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Delhi Protesters Defy Ban, Clash Over Rape Laws
NEW DELHI—Protesters angry about the aggravated rape of a woman on a moving bus a week ago defied a ban on demonstrations and clashed with police in Delhi for the second straight day Sunday.
Authorities over the weekend invoked a law to prohibit demonstrations in New Delhi and had tried to stop protesters from reaching the city’s political hub by blockading roads and shutting underground stations.
Agence France-Presse/Getty ImagesProtesters shout slogans at the police in New Delhi on Sunday.
But thousands of protesters still made it to the area around India Gate, home to the nation’s Parliament, prime minister’s office and president’s residence.
For the second consecutive day, police fired tear gas and water cannons at protesters demanding stiffer penalties for rapists and better policing of Delhi’s streets. About 85 people, including students and police officials, were injured in the clashes Sunday, said Delhi police spokesman, Rajan Bhagat.
A Delhi police officer and a journalist were admitted to hospital after being seriously injured in the violence Sunday, Mr. Bhagat said. Protesters blocked traffic, stopped cars and smashed bus windows, he said.
Some witnesses to Saturday’s violence said police were quick to use tear gas and water cannons on demonstrators, mostly students who were trying to keep the protests peaceful.
Later Saturday, the crowds swelled, and many protesters stayed out all night. On Sunday, television news showed scenes of a car being overturned and set on fire.
Antigovernment groups joined the protests Sunday, including supporters of Arvind Kejriwal, an antigraft activist who recently launched a political party.
By Sunday evening, police had cleared the India Gate area of protesters, Mr. Bhagat said. Police also detained a group of young protesters and transported them in buses to makeshift jails, he added.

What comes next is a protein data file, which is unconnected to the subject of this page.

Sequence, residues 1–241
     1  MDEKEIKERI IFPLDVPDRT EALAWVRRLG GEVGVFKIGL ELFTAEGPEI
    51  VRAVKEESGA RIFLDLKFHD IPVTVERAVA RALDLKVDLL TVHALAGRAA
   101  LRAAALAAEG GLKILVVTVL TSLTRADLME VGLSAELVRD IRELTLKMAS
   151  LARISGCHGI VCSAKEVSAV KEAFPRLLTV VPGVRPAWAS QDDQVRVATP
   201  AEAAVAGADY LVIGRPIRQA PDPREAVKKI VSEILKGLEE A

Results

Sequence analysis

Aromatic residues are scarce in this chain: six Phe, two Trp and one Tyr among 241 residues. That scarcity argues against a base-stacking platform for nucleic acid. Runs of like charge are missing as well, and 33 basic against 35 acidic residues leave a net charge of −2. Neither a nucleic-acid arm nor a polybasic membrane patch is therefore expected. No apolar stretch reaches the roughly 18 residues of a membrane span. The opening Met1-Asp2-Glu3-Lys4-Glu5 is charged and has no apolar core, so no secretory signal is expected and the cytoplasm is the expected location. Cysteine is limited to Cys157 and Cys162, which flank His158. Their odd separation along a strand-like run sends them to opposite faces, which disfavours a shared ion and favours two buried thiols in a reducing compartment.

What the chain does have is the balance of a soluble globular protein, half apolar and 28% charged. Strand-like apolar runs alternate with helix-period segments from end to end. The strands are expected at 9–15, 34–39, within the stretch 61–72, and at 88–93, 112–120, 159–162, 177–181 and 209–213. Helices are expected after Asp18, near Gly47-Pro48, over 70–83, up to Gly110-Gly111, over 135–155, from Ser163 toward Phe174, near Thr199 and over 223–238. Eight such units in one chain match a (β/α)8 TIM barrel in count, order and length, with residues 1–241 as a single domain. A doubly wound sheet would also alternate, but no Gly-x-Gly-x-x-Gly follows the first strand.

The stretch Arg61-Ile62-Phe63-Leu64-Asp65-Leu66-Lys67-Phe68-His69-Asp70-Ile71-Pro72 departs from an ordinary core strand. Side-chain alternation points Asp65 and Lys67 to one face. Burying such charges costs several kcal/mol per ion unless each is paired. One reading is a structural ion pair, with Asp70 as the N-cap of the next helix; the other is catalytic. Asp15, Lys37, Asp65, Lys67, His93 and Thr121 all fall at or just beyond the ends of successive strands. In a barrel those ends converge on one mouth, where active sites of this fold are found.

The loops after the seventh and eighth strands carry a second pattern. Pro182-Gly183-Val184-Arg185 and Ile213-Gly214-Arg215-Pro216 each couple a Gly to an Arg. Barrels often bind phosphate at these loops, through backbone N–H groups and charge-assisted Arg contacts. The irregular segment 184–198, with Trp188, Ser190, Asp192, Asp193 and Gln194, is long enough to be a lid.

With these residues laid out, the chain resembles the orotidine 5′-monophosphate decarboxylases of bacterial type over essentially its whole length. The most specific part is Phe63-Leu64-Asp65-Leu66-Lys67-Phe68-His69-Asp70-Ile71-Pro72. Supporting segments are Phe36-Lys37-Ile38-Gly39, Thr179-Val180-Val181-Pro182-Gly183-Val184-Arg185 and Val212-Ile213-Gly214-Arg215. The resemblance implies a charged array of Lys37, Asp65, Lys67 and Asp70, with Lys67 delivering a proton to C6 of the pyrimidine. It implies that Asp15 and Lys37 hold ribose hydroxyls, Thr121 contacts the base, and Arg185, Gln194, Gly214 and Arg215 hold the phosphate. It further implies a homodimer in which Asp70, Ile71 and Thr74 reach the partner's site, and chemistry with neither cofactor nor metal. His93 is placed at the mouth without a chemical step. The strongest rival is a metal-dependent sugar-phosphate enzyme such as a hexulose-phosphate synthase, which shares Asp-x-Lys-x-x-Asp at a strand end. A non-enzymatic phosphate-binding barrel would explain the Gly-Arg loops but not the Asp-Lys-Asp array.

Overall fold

Politicians have faced criticism from protesters for failing to engage in dialogue. But some protesters met Sunday with Congress party President Sonia Gandhi and General Secretary Rahul Gandhi, her son, at their residence in New Delhi, according to television reports.
The assault on the woman, whose name hasn’t been released, has sparked outrage throughout the country, with protesters demanding tougher punishments for rapists.
The victim and her male friend were attacked soon after boarding a chartered bus Dec. 16 as they returned from watching a movie in a shopping complex in south Delhi.
The six men on the bus, including the driver, gang-raped the woman for nearly an hour, police said. They also beat her and her companion with metal rods as the bus continued to circle the city’s roads for hours, even crossing police checkpoints.
The couple was later stripped and thrown out of the moving bus near a highway in Delhi, police said further.
The woman, in her early 20s, remains in a Delhi hospital following the attack. She was put back on life-support systems Sunday after doctors said she had developed breathing problems. Her condition otherwise remained stable, they said.
Six men, including the bus driver, have been arrested in the attack and charged with offenses including rape and kidnapping, Delhi police officials said.
The assault appears to have become a tipping point in Indians’ anger over increasing incidents of rape. Many cases go unreported because of pressure from families, and rape victims who do come forward often face blame themselves.
A politician from the national ruling Congress party in Haryana state said last month that 90% of rape allegations involved consensual sex.
The protests reflect the disenchantment that the country’s young generation feels toward what they see as India’s failure to protect women’s rights. The government appealed to protesters to remain calm to enable dialogue. “We have to draw a line somewhere. We can’t let the protesters run into government property,” India’s junior home minister, R.P.N. Singh, told television channels Saturday.
Mr. Singh said police had arrested some “unruly protesters” to prevent disorder in the capital. He promised that those guilty of the latest rape will face justice.
In recent days, government and law-enforcement officials have promised to introduce measures to crack down on crimes against women, including better nighttime policing on the streets of Delhi, checks on bus drivers and the cancellation of licenses of illegal buses or those with tinted windows or curtains.
Home Minister Sushil Kumar Shinde said in Parliament last week that the government had proposed amendments to criminal laws to increase punishment for rape and other crimes against women. Any proposed changes still need to be discussed and passed by lawmakers.
Activists also want to see special fast-track courts to deal with a backlog of more than 900 rape cases waiting to be heard in Delhi alone. Others say India’s society needs to change so women don’t feel pressured by their families to hide rapes.
On Friday, Delhi Chief Minister Sheila Dikshit said the city government was planning to introduce a “stringent law” to curb crimes against women.
“I do not like my city being described as rape capital, but it is out in the open that it has become one,” Ms. Dikshit said.